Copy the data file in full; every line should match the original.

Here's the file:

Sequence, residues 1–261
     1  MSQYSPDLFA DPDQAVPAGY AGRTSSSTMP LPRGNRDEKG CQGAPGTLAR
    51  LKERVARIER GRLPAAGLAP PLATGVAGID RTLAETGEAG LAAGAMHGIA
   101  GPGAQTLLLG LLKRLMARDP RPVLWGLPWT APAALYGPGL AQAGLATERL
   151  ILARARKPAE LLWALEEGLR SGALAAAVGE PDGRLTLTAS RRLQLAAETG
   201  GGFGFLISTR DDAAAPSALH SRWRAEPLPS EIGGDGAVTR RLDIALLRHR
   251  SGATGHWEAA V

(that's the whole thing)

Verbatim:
Sequence, residues 1–261
     1  MSQYSPDLFA DPDQAVPAGY AGRTSSSTMP LPRGNRDEKG CQGAPGTLAR
    51  LKERVARIER GRLPAAGLAP PLATGVAGID RTLAETGEAG LAAGAMHGIA
   101  GPGAQTLLLG LLKRLMARDP RPVLWGLPWT APAALYGPGL AQAGLATERL
   151  ILARARKPAE LLWALEEGLR SGALAAAVGE PDGRLTLTAS RRLQLAAETG
   201  GGFGFLISTR DDAAAPSALH SRWRAEPLPS EIGGDGAVTR RLDIALLRHR
   251  SGATGHWEAA V